Were + subject + to

Why is it right to say:
“were both engines to fail, what would happen?”

I have never seen any sentence like that one, can you help me?

And please… what is the exact meaning of that sentence?

There are two issues here. First, verb “to be” is used instead of “to do”. Therefore, we have “were to fail” instead of “failed”. Second, this is the inversion form of conditional sentence. Therefore, this is equivalent to :

“If both engines were to fail, what would happen?”
“If both engines failed, what would happen?”

This is Conditional II, i.e. unreal (future) conditional. Two engines haven’t failed in reality, but the person wonders what would happen if they did.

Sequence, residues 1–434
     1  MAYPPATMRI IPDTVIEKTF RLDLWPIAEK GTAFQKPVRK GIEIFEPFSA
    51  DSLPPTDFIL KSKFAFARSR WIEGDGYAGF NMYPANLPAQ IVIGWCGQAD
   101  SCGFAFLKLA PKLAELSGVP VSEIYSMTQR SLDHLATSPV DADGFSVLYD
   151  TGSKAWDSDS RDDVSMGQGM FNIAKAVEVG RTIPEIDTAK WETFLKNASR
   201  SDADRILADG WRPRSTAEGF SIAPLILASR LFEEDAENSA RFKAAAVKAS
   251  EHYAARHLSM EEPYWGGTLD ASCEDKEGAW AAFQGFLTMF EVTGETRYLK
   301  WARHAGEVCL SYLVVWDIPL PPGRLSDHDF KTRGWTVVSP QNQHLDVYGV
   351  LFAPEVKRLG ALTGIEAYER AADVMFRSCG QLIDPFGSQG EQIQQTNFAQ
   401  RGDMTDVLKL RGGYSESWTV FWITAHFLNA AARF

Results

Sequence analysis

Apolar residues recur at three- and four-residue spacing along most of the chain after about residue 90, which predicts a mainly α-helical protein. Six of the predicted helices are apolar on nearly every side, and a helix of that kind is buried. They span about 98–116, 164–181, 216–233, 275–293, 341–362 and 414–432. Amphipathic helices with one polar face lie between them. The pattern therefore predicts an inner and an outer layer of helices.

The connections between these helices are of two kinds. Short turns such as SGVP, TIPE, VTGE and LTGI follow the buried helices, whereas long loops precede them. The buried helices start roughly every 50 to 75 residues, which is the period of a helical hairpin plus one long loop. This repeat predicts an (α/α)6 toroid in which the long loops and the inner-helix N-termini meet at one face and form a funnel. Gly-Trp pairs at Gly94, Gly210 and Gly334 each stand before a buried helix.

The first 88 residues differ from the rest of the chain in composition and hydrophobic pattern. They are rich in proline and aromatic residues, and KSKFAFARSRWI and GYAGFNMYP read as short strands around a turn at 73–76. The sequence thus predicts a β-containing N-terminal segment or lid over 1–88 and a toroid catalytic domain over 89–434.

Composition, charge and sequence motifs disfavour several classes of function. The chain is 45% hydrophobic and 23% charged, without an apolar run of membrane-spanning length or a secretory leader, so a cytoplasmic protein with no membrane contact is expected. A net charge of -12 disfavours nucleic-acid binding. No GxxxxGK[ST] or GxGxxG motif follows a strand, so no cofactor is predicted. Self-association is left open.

This is also an inversion structure only for conditional sentences. For type one: Should it rain tomorrow, we’ll go for a walk. For type two: Were it not raining, we would go for a walk(only used for progressive tenses). For type 3: Had it not been for the rain/ Had it not rained, we could have gone for a walk.

OK, thanks!

Actually, I was not familiar with inversion structures for I and II conditionals. I was sure that in given case “were” just replaces “did” without relation to condition.
So, as I undestood from your answer, “were” is used awlays for second conditional inversions and “should” for the first conditional inversions, isn’t it?

Yes. Be to usually means be obliged to.